Condos have continued to dominate new-home construction in Canada. But survey respondents are lukewarm on condos, rating development prospects as fair for 2020. Many demographic factors are favourable, but the price gap between condos and single-family homes has been narrowing, particularly with factors like the mortgage stress test limiting demand for more expensive types of housing.

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“Governments must recognize that increased supply can help address the affordability issue and be willing to embrace innovative ways of unlocking a supply-constrained market."

Frank Magliocco, National Real Estate Leader, PwC Canada

Best bets for 2020

Where should Canadian real estate developers and investors focus their attention? As phrased by some of our interviewees, the best bets for 2020 are mainly about “beds and sheds,” particularly in the top Canadian real estate markets of “MTV” (Montreal, Toronto and Vancouver).

Warehousing and fulfillment

In the sheds category, it’s all about warehousing and fulfillment, which tied as the top development opportunities in our survey. Rising customer expectations for same-day e-commerce deliveries continue to spark demand for large-scale facilities close to population centres and transportation routes.

 

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Mid-priced apartments

Included in the beds category are mid-priced apartments, which ranked third on our survey for development prospects. From co-living arrangements to traditional rental housing to moderately priced condos, the multifamily category still offers the affordable options many Canadians are looking for.

Demand remains strong, even as condo and rental housing construction has risen consistently and significantly across Canada over the years.  Rental housing under construction was just 13,947 units in 2008, a number that rose to 56,394 in 2018. For condos, units under construction hit 120,923 in 2018, up from 94,658 in 2008.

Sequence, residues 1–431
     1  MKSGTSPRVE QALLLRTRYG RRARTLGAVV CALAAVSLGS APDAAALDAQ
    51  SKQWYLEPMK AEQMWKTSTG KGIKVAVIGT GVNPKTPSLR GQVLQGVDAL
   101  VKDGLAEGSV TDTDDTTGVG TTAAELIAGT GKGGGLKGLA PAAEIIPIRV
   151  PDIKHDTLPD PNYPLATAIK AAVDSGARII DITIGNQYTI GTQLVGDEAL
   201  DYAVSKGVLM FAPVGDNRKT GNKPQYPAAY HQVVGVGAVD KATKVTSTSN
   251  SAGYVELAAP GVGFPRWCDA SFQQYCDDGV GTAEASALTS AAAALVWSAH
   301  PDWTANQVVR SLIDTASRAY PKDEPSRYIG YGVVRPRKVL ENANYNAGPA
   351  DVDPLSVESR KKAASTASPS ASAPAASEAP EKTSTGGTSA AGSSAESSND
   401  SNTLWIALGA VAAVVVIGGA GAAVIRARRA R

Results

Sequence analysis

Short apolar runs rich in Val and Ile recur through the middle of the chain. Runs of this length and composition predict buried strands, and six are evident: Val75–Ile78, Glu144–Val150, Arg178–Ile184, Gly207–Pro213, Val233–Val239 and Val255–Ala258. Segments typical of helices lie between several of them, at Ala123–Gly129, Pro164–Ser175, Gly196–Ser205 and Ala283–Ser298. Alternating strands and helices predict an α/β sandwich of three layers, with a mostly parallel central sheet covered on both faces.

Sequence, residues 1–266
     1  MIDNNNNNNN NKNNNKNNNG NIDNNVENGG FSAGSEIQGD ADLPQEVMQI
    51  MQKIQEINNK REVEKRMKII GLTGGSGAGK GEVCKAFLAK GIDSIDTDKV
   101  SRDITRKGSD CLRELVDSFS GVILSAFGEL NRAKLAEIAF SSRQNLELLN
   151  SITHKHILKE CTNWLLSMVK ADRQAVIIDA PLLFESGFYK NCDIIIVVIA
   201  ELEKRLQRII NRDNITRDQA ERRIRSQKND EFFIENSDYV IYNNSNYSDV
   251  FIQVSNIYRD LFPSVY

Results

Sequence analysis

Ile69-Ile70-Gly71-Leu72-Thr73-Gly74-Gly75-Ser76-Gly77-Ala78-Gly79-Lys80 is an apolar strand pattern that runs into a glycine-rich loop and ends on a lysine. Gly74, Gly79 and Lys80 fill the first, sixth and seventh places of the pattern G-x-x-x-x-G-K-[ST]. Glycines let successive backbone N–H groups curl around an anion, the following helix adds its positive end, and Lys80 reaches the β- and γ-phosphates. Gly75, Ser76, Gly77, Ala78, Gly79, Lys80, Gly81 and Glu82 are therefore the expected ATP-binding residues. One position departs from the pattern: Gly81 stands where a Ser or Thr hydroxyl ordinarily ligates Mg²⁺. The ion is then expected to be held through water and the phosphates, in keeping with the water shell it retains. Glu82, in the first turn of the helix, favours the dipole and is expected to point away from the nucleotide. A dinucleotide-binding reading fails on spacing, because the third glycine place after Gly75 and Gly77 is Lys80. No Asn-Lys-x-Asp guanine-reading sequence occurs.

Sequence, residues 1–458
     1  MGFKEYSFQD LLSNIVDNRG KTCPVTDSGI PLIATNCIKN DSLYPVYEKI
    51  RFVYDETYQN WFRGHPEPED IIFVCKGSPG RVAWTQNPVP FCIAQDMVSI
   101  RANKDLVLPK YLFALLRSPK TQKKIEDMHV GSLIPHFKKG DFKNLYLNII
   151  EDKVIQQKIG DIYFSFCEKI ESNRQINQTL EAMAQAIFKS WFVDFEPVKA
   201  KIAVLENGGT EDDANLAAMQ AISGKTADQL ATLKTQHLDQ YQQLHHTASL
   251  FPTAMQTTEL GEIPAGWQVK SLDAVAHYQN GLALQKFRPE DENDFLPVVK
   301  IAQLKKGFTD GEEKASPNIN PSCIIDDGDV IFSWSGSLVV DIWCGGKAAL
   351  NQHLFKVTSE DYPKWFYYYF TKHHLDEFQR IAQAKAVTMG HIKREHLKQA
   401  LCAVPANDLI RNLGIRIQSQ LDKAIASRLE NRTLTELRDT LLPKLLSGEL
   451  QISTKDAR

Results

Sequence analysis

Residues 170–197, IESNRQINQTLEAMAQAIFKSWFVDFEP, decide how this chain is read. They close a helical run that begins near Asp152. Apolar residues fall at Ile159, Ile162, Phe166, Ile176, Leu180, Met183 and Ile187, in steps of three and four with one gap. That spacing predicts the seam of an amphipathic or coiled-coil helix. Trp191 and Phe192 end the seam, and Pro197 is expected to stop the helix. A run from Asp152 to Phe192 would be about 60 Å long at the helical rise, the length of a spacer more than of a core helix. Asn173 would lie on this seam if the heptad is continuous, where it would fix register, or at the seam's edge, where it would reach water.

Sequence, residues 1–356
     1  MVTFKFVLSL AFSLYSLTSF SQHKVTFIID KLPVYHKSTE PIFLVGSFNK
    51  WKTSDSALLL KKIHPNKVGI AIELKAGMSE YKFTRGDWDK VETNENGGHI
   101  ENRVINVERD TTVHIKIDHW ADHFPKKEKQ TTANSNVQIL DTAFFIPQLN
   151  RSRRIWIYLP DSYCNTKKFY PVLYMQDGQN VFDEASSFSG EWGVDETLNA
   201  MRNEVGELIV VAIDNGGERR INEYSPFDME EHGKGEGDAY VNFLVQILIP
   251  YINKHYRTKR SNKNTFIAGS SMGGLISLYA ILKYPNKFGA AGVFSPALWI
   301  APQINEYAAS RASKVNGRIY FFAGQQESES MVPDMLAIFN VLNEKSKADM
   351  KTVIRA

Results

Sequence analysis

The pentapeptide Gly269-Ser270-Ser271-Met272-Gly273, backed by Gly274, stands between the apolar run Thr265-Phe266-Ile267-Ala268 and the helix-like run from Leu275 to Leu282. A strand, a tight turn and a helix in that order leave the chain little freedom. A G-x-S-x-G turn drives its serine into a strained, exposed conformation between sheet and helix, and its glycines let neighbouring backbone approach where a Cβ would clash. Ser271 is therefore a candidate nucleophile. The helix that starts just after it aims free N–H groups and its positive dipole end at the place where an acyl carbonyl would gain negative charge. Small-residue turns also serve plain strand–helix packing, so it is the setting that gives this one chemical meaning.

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Transit-oriented development

Also on our list of best bets for 2020 is transit-oriented development. In Montreal, projections suggest the region’s Réseau express métropolitain project will spur about CA$5 billion in real estate development along the route.

And in Ontario, the regional transportation agency, Metrolinx, is moving to a market-driven approach to financing transit projects in which it will link new stations to development as it looks to capture land value in its rail network and real estate portfolio. 

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Senior housing

Rounding out our best bets for 2020 is senior housing. The industry is responding to the demand for senior housing with a variety of options, especially those tailored to seniors looking for a blend of convenience, security, high-end amenities and flexibility to suit their active lifestyles. 

Despite the strong prospects, developers and operators face considerable costs, complexities and regulations in creating and running facilities and services that cater to Canada’s aging population.

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Contact us

Frank Magliocco

Partner, Real Estate, Assurance, PwC Canada

Tel: +1 416 228 4228

Chris Potter

Partner Real Estate, Tax, PwC Canada

Tel: +1 416 869 2494

Miriam Gurza

MRICS Managing Director, Real Estate, Consulting, PwC Canada

Tel: +1 416 687 8143

Fred Cassano

Partner, Private Company Services, PwC Canada

Tel: +1 905 418 3469